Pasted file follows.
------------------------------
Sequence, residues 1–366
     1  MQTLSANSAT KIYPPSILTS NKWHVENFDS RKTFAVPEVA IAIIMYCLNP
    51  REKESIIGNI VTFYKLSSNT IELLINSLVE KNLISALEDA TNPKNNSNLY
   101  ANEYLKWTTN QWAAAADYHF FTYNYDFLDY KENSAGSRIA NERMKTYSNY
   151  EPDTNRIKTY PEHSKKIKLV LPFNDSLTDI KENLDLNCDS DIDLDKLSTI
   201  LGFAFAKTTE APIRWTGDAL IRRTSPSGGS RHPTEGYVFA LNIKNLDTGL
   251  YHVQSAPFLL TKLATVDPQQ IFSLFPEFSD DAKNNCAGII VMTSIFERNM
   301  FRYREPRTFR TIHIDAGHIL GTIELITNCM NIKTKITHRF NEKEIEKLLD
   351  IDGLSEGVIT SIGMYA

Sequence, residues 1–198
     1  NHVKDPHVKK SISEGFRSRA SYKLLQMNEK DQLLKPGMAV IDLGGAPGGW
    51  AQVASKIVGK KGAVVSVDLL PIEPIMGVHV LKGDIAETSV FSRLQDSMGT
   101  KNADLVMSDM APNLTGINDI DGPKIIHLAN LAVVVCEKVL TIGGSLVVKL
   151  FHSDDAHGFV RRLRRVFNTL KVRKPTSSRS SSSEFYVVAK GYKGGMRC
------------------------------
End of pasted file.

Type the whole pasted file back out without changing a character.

Sequence, residues 1–366
     1  MQTLSANSAT KIYPPSILTS NKWHVENFDS RKTFAVPEVA IAIIMYCLNP
    51  REKESIIGNI VTFYKLSSNT IELLINSLVE KNLISALEDA TNPKNNSNLY
   101  ANEYLKWTTN QWAAAADYHF FTYNYDFLDY KENSAGSRIA NERMKTYSNY
   151  EPDTNRIKTY PEHSKKIKLV LPFNDSLTDI KENLDLNCDS DIDLDKLSTI
   201  LGFAFAKTTE APIRWTGDAL IRRTSPSGGS RHPTEGYVFA LNIKNLDTGL
   251  YHVQSAPFLL TKLATVDPQQ IFSLFPEFSD DAKNNCAGII VMTSIFERNM
   301  FRYREPRTFR TIHIDAGHIL GTIELITNCM NIKTKITHRF NEKEIEKLLD
   351  IDGLSEGVIT SIGMYA

Sequence, residues 1–198
     1  NHVKDPHVKK SISEGFRSRA SYKLLQMNEK DQLLKPGMAV IDLGGAPGGW
    51  AQVASKIVGK KGAVVSVDLL PIEPIMGVHV LKGDIAETSV FSRLQDSMGT
   101  KNADLVMSDM APNLTGINDI DGPKIIHLAN LAVVVCEKVL TIGGSLVVKL
   151  FHSDDAHGFV RRLRRVFNTL KVRKPTSSRS SSSEFYVVAK GYKGGMRC